(UroToday.com) The 37th Annual European Association of Urology Congress held in Amsterdam, the Netherlands between July 1st,and 4th 2022 was host to a prostate cancer “Game Changing Session”. Dr. Lih-Ming Wong discussed the results of PEDAL: A Phase III study comparing diagnostic accuracy of mpMRI prostate to 18F-DCPyL PSMA PET/CT.
Diagnosing prostate cancer in the setting of an elevated PSA remains imperfect. MRI has helped improve the detection of clinically significant disease; however, MRI retains a false negative rate of 10-20%. PSMA-PET/CT, although currently mainly used in the staging work up of high-risk disease patients and in salvage treatment planning following biochemical recurrence post-prostatectomy and/or radiation, may be of clinical utility in this setting.
Dr. Wong and colleagues hypothesized that PSMA-PET/CT could be superior to mpMRI prostate to detect prostate cancer and target lesions on prostate biopsy. The authors accordingly designed a phase III, prospective cross-sectional trial comparing the diagnostic accuracy of mpMRI and 18F-DCFPYL-PSMA-PET/CT across multiple centers in Australia (St Vincent’s, Melbourne Health, Epworth Health, Sydney Adventist) and New Zealand (Christchurch Pacific Radiology) between 2020 and 2022. The outcomes of interest were:
- Primary: Diagnostic accuracy to detect prostate cancer at biopsy (Receiver operating characteristic curve [ROC] Area under the curve [AUC])
- Secondary: Clinically significant prostate cancer, benefit of coregistration
To summarize, inclusion criteria were:
- Elevated PSA >3.0 or (elevated PSA >2.0 + positive family history)
- Low free/total ratio (<25%)
- Abnormal DRE
Exclusion criteria included:
- Known prostate cancer diagnosis
- Previous prostate biopsy within 3 years of recruitment (TURP permissible)
- Previous mpMRI within 3 years of recruitment
- History of active malignancy within the last 3 years (Except skin cancer or melanoma in situ)
- Contraindication to 3T mpMRI or previous total hip joint replacement
For the mpMRI arm:
- PIRADS v2.1 was utilized, lesion location by sector map was noted
- T2, DWI, ADC, DCE phases performed
- EPE, capsular abutment, SV invasion, LN status, and lesion size were assessed
- A positive lesion was defined as PIRADS 3, 4, or 5
- Lesion location by sector map was noted
- SUV max <4: Negative
- SUV max 4-7: Equivocal
- SUV max ≥7: Positive
- SV invasion, LN status, incidental lesions, and metastases were assessed
- Final designation of lesion positivity assigned by an expert reader using a combination of SUV max, focality, and ratio to background
The trial flow chart is demonstrated below. 253 patients were referred, of whom 235 completed both diagnostic imaging, and 180 patients had a prostate biopsy.
With regards to the primary outcome of diagnostic accuracy (ROC AUC) to detect any prostate cancer, mpMRI demonstrated superior accuracy: 0.77 for MRI (95% CI: 0.70 – 0.84) versus PET, irrespective if an SUVmax cutoff of 8.14 (0.62, 95% CI: 0.54 – 0.70) or SUVmax cutoff of 7 was assigned (0.64, 95% CI: 0.7 – 0.72).
mpMRI demonstrated superior sensitivity, specificity, and negative predictive values compared to PSMA-PET/CT as demonstrated in the table below.
How did findings from mpMRI correlate with those from PSMA-PET/CT and vice versa?
Of 116 patients with PET positive findings (SUVmax >7), 79 (68.1%) had PIRADS 4-5 lesions. However, highlighted in red below, is the number of patients with a negative mpMRI (PIRADS 0-2) and PET positive lesions SUVmax>7 (n=30). Also highlighted are those with a positive mpMRI (PIRADS 4-5) with negative PET SUVmax<4 lesions (n=8).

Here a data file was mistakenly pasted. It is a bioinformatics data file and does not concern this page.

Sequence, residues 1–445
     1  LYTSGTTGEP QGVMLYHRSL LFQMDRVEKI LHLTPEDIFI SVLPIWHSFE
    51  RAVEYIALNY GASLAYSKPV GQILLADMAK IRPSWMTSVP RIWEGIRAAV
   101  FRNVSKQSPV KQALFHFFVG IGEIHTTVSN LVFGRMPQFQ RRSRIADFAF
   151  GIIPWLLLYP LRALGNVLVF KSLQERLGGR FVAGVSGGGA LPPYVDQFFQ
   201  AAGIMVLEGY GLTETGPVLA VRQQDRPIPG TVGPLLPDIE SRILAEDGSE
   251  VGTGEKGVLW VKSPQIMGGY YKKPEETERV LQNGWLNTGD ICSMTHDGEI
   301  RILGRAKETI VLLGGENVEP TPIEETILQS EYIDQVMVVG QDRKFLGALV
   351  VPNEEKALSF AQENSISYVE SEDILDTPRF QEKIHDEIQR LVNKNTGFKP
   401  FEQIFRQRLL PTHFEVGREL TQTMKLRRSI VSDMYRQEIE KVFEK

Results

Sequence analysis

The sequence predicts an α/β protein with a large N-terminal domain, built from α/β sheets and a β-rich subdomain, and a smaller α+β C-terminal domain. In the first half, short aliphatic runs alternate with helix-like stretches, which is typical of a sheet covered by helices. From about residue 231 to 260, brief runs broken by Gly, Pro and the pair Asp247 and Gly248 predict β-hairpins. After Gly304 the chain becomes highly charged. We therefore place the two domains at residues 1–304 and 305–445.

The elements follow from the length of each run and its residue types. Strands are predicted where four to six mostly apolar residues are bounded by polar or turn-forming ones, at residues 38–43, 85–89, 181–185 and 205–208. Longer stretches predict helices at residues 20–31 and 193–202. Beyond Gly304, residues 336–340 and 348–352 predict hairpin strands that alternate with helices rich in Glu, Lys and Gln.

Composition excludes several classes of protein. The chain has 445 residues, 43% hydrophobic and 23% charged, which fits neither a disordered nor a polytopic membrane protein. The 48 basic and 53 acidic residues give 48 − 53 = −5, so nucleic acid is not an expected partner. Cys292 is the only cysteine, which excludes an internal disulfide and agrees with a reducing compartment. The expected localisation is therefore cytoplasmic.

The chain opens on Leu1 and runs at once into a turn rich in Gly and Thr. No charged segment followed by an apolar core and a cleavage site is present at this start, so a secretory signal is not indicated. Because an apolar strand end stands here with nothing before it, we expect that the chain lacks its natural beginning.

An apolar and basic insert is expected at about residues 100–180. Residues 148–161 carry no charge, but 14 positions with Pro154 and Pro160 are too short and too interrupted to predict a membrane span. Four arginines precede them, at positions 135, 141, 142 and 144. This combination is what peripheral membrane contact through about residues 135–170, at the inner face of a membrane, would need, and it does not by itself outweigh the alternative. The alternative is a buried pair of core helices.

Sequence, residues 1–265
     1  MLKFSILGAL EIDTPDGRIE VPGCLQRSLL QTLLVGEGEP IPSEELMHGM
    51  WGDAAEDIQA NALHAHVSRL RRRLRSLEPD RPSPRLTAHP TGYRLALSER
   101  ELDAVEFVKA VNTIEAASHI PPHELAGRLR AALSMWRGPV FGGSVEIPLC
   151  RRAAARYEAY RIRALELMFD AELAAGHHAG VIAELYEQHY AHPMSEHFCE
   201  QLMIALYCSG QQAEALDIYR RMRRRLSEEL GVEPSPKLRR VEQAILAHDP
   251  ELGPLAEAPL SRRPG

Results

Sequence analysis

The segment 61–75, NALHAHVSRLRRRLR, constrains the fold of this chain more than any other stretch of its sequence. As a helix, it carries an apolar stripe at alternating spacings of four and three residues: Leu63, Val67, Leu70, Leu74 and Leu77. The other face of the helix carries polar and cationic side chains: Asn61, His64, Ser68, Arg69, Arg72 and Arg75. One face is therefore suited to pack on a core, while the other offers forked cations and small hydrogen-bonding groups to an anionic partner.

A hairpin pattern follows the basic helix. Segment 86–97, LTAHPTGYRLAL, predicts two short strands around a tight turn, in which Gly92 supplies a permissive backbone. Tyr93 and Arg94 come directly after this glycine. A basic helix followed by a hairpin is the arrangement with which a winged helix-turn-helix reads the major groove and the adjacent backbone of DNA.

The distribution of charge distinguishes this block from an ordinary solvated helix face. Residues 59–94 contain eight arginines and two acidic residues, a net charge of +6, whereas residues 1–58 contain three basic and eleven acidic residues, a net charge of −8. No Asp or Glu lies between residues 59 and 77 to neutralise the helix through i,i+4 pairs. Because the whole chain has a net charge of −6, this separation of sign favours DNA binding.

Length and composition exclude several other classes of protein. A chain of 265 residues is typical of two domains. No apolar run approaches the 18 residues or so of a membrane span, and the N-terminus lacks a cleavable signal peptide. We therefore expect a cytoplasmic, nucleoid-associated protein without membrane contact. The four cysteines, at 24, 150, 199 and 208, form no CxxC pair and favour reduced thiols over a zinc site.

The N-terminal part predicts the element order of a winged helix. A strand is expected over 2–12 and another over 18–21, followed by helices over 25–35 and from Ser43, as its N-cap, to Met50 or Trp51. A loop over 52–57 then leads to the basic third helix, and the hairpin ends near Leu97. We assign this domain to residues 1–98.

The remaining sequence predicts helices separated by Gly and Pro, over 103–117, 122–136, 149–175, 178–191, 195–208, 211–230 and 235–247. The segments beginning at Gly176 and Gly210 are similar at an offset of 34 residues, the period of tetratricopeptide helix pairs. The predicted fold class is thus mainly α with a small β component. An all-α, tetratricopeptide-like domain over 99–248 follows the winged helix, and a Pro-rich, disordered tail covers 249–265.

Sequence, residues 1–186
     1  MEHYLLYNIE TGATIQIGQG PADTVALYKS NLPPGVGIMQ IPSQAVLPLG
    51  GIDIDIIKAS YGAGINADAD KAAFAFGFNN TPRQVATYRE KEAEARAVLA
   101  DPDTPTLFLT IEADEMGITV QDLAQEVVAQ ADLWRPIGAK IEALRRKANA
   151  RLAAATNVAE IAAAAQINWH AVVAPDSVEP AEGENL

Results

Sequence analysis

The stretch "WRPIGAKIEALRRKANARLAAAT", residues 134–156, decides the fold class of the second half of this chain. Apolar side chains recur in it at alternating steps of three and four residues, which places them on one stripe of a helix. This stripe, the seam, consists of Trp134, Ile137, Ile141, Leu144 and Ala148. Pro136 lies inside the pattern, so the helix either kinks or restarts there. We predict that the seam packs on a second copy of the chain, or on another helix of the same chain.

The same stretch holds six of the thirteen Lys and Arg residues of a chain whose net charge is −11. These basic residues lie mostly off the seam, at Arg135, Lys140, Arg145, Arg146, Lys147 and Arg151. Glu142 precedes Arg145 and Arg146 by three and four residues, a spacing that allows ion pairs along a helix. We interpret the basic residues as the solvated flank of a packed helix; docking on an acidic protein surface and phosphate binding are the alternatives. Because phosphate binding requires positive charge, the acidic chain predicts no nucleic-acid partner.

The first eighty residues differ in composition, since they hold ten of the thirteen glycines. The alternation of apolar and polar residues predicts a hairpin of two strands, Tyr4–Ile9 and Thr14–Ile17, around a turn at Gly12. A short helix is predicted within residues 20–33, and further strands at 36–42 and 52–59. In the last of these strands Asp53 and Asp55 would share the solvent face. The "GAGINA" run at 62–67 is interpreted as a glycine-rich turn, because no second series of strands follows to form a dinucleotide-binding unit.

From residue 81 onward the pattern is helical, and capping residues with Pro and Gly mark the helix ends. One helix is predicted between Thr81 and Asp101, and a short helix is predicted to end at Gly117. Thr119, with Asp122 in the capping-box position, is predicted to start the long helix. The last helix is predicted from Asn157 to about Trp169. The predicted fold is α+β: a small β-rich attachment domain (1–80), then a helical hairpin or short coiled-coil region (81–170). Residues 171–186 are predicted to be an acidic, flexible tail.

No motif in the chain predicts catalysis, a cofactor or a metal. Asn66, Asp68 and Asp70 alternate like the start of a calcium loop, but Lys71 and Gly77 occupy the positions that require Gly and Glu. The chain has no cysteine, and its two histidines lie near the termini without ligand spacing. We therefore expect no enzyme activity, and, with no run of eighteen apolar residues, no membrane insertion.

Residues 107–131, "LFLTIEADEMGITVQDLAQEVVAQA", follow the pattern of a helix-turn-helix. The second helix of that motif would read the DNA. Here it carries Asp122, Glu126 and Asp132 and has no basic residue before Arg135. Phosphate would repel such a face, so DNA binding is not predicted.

Of those 30 patients with a PET positive lesion and negative mpMRI, 24 underwent a prostate biopsy with 9 (37.5%) positive biopsies found. Of the 8 patients with a positive mpMRI (PIRSDS 4-5) and negative PET, all of whom underwent a biopsy, prostate cancer was found in 5 (62.5%) patients. Thus, these patients may potentially be those that may benefit from complimenting both imaging modalities together, albeit at an elevated financial toxicity burden.
No significant differences were seen between the two modalities with regards to diagnostic accuracy of clinically significant prostate cancer.
As with most trial designs, “contentious decisions” were made and there remain areas of concern:
- PSMA-PET/CT range of field
- Neck to pelvis in this study, also led to detection of metastatic prostate cancer in 13.9% of patients. This imaging modality thus served as both a diagnostic and staging scan.
- Reporting of PSMA-PET/CT: How to define “positive” lesions?
- Prostate biopsies were not mandated
- What was the optimal prostate biopsy technique? Should a PSMA-PET/CT-fusion biopsy technique now be developed?
Dr. Wong concluded as follows:
- mp-MRI has better diagnostic accuracy than 18F-DCFPYL PSMA-PET/CT (SUVmax) to detect any prostate cancer
- Diagnostic accuracy ROC AUC: 0.77 versus 0.62, p=0.01
- Performance of PSMA-PET/CT in this setting will certainly improve
- Learning curve: It will not be SUVmax alone, but also potentially patterns of tracer distribution, volumes, background to signal ratios, etc.
- mp-MRI of the prostate remains 1st line for now
- Does PSMA-PET/CT have a role currently? Potentially in patients with:
- A negative MRI incongruous with clinical features
- Equivocal MRI findings with the patient reluctant to have a biopsy
- Contraindications to MRI
- An elevated PSA (e.g. >20) with interest in an all-in-one diagnostic and staging scan
Presented by: Dr. Lih-Ming Wong, MBBS, Associate Professor, Department of Urology, University of Melbourne, Melbourne, Australia
Written by: Rashid Sayyid, MD, MSc – Society of Urologic Oncology (SUO) Clinical Fellow at The University of Toronto, @rksayyid on Twitter during the 2022 European Association of Urology (EAU) Annual Hybrid Meeting, Amsterdam, NL, Fri, July 1 – Mon, July 4, 2022.